Mark Stryker

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About Mark Stryker

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    Groove Merchant
  • Birthday 08/10/1963

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  • Gender Male
  • Location detroit, mi

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  1. August 24 Japanese UA-era Blue Note Reissues

    Thanks for this. New information for me.
  2. August 24 Japanese UA-era Blue Note Reissues

    Seems to be this, which was new to me.
  3. August 24 Japanese UA-era Blue Note Reissues

    You know, I'm not sure I ever realized before that this was originally an LP release. I got the CD some years ago and always assumed it was a radio or sound board recording of a concert never previously issued. The liners on the CD surely explain the provenance, but I must have missed it. All that aside, it's great, though haven't heard it in a while. Is this concert where they also turn the form around on "The Moontrane"?
  4. New Erroll Garner?

    I wrote about it here, looking at Garner through the prism of his compositions. There are sound clips too.
  5. Jerry McKenzie v Jerry (Lestock) McKenzie

    But wouldn't a true Road Rat have stayed on the bus more or less forever, rather than departing for domestic life? Or am I missing some nuance to the definition? McKenzie (the 2nd, apparently) jumped off the bus in '62 for a decade, jumped back on for a minute 10 years later, before realizing that he preferred sleeping in the same bed every night rather than sleeping in the same bus seat.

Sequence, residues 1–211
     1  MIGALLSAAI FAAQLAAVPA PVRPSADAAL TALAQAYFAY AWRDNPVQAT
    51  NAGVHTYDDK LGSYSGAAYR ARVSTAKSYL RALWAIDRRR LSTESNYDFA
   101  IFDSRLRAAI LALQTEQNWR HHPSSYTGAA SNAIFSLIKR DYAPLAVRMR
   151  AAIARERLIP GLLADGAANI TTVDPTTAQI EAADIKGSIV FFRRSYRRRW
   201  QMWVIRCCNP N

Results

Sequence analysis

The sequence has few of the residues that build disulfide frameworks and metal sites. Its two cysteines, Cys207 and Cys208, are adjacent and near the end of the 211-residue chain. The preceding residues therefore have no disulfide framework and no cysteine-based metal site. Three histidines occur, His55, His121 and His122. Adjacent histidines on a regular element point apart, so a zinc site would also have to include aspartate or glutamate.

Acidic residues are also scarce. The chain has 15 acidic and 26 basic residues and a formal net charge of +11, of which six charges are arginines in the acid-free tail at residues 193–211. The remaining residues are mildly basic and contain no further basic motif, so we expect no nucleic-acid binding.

6. Jerry McKenzie v Jerry (Lestock) McKenzie

    I thought they were the same guy too until, um, this morning, when I was doing some legwork and began seeing references to two different guys. The second Jerry McKenzie is a longtime Detroit cat -- not so much a Road Rat, as he gave up the grind for family and stability, except for falling off the wagon and going back out for that second tenure with Kenton. I've heard him many times but actually only talked to him on one occasion that I can remember. But now I have to call him and figure out the puzzle.
  7. Wait, there are actually two guys named Jerry McKenzie who played drums with Stan Kenton in back-to-back tenures: Jerry McKenzie from 1957-59 and Jerry (Lestock) McKenzie from 1959-61, plus another brief tenure in '72? Seriously?
  8. Bill Watrous - RIP

    Many variations of this truism. My favorite has always been ascribed (probably apocryphally) to Zoot Sims at a recording session. Somebody is supposed to have asked Zoot how he could play so drunk. He replied, "I practice that way."
  9. Erroll Garner

    Well aware of this: In writing my forthcoming book on jazz musicians from Detroit, I was in and out of Lord a lot and I was surprised at how much stuff was missing.
  10. Erroll Garner

    I don't think there's any Garner on Mainstream. I just checked the Tom Lord discography and there are no Garner/Mainstream listings of either original or reissued sides. Lord does miss stuff on occasion, so it's certainly still possible.
  11. New Erroll Garner stuff coming next month. I riffed a little bit on his prolific but often overlooked compositions in this piece for
  12. Lorraine Gordon R.I.P.

    Seeing reliable social media posts from Renee Rosnes, Nate Chinen and Ethan Iverson that Lorraine Gordon has passed away at age 95. An amazing life.
  13. Cecil Taylor RIP